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I've got a web host (linux hosting) whose disk is almost completely full. How do I list out directories (and their subdirectories) by largest size to figure out where the biggest disk hogs are?

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2 Answers

up vote 6 down vote accepted

From a terminal:

Show disk free space (human readable)
df -h

Show sizes in the www-root

sudo du -sh /var/www/*

Apache log files

sudo du -sh /var/log/apache2/*

Etc.

These would be my first few guesses (databases as well). Also, your applications may have log files as well, so keep that in mind. ie:

sudo du -sh /var/www/railsapp/current/logs/*

Hope this helps!

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Is there any way to use the "du" command to be a little bit more verbose? If I do "sudo du -sh /var/www*" I simply get back: 38G /var/www Would love to get more info about the offenders. For sure, it's not db's or log files. I've already checked those off as offenders. It's all web files. –  Keefer Mar 5 '12 at 16:57
    
you can just keep digging in... sudo du -sh /var/www/* will show sizes for anything in that folder –  InChargeOfIT Mar 5 '12 at 18:28
    
Use du -h --max-depth=2 /var/www. That gives you a recursion depth of 2 in the output, altogether /var/www, /var/www/*/ and /var/www/*/*/. You might want to extend it to sudo du -h --max-depth=2 /var/www | sort -nr | less. –  Eroen Mar 8 '12 at 12:54
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A command line I've found very useful in finding out what's filling my disk is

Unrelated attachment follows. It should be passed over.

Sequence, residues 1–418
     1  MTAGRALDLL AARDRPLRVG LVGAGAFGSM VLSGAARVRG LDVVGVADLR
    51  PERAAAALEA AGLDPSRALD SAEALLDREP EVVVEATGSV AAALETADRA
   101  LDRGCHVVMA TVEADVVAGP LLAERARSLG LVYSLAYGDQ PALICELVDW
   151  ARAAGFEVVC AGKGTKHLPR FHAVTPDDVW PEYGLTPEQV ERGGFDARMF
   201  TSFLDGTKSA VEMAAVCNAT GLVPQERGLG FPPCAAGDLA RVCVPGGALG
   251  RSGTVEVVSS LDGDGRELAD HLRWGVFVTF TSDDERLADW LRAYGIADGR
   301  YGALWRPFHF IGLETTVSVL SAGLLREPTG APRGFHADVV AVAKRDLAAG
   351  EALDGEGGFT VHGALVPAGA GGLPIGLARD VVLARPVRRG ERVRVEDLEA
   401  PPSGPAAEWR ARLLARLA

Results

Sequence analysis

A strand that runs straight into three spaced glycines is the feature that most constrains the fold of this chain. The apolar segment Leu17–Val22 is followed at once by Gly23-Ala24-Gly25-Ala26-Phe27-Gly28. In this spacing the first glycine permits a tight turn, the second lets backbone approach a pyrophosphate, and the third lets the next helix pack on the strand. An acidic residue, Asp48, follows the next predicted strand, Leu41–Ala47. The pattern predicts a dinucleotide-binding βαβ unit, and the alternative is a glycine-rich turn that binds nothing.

du -ak | sort -rn | less

This will list all the files and directories under the current directory in decreasing order of total disk space usage. The numbers before each line are in kilobytes.

For example, running this command in /usr on my Ubuntu desktop produces output that starts like this:

7586900 .
3291420 ./share
2644256 ./lib
1093752 ./src
830268  ./share/doc
355520  ./bin
314976  ./lib/jvm
276240  ./share/fonts
272296  ./share/icons
247000  ./share/fonts/truetype
245196  ./share/doc/texlive-latex-extra-doc
242688  ./share/doc/texlive-latex-extra-doc/latex
230932  ./lib/openoffice
229560  ./lib/openoffice/basis3.2

From this output, I can notice for example that I have a lot of LaTeX documentation installed that I'm not really using. If I needed to free some disk space, that would seem like a good place to start.

Mind you, running this command can take a while if you have a lot of files. If you might want to keep the list around for a while, it may be a good idea to redirect it to a file instead of piping it directly to less.

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